- The observation satellite launches from northwestern China
- State media: It is Venezuela's second satellite in orbit
- The first one, named after independence leader Simon Bolivar, was launched by China in 2008
China launched a second satellite for the Venezuelan government Saturday, state media reported, days before President Hugo Chavez runs for re-election.
The observation satellite named Miranda launched from the northwestern Chinese province of Gansu.
It is Venezuela's second satellite in orbit, according to the Venezuela State News Agency, AVN.
The first one -- a telecommunications satellite -- was launched by China in 2008. It is named after Venezuelan independence hero, Simon Bolivar, the news agency said.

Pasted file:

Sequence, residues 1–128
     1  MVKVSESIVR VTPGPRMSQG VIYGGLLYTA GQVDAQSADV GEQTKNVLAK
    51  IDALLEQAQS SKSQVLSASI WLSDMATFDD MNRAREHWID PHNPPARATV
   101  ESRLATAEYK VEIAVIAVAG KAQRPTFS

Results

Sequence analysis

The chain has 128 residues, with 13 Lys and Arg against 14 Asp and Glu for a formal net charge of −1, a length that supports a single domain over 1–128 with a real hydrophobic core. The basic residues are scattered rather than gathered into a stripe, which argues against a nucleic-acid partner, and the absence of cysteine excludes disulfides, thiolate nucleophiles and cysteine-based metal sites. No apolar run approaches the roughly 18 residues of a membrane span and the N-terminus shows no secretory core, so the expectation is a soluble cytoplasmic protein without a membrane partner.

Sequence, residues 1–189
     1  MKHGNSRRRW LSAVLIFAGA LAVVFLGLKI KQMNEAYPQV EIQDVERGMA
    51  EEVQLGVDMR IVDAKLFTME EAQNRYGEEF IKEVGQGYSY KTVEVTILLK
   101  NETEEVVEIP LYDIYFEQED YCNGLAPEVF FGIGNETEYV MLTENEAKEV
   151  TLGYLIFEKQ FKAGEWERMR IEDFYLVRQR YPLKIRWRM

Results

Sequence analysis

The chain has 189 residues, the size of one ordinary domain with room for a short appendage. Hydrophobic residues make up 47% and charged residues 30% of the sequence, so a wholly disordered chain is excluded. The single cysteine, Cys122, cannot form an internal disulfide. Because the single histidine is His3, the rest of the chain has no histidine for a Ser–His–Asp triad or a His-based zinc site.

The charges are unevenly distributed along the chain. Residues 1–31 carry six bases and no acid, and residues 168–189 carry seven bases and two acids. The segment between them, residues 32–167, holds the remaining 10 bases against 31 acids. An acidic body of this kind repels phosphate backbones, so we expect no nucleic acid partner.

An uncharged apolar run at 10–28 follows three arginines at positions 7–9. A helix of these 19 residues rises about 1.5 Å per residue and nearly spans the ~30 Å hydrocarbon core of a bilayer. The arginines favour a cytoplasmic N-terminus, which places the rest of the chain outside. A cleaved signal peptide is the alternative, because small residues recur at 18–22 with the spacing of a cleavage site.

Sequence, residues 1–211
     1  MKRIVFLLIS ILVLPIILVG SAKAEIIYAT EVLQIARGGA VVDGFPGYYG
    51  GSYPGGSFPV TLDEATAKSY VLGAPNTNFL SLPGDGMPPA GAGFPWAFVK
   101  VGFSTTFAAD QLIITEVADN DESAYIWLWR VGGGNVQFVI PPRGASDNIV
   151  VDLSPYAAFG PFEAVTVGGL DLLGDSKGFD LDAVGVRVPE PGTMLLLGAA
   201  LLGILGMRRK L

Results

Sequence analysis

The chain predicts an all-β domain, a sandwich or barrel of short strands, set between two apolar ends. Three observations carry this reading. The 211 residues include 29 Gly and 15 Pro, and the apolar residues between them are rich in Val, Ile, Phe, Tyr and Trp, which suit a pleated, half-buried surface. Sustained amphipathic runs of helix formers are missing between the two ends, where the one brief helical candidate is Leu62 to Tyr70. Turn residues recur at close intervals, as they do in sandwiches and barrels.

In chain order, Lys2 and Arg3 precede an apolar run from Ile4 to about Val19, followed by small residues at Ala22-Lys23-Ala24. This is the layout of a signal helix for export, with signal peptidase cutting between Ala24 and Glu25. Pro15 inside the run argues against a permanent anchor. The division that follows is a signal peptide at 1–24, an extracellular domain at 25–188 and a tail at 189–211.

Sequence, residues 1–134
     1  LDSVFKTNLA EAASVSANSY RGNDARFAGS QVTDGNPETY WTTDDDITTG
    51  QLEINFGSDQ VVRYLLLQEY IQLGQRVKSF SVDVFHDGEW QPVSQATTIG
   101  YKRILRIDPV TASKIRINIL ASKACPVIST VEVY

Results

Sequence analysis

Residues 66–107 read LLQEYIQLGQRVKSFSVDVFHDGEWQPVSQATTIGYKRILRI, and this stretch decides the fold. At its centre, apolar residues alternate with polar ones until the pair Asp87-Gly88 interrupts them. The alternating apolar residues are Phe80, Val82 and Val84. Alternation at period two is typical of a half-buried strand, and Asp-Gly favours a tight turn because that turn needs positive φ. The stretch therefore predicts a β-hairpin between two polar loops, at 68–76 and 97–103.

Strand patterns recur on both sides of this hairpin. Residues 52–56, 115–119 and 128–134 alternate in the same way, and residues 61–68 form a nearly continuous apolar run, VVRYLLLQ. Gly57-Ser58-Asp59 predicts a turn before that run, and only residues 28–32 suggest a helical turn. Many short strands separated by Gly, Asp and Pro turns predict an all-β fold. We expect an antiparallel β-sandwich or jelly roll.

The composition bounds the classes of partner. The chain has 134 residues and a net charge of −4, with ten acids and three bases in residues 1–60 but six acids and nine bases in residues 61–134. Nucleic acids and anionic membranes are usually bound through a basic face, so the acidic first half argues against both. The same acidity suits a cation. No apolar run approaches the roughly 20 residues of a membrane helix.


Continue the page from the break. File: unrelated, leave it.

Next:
President Hugo Chavez, along with cabinet members and the Chinese ambassador to Venezuela, watched the latest launch from his palace in Caracas.
Hours before it launched, Chavez showed up at a plaza in the heart of the capital, surprising a crowd gathered to watch the satellite on giant public screens.
"We are watching history, the rebirth of history," the president said.
The Venezuelan leader said the satellite "is part of the scientific and technological development" of the nation. It will fly over Venezuela three times a day and take 350 high resolution images daily using four cameras, according to the news agency.
Venezuela will use it to monitor the country, urban planning, military operations, and to combat illegal mining and illegal crops, according to the news agency.
Miranda -- named after independence leader Francisco de Miranda -- was launched days before presidential elections set for October 7.
Campaigns between the president and his opponent, former governor Henrique Capriles, have heated up in the final stretch.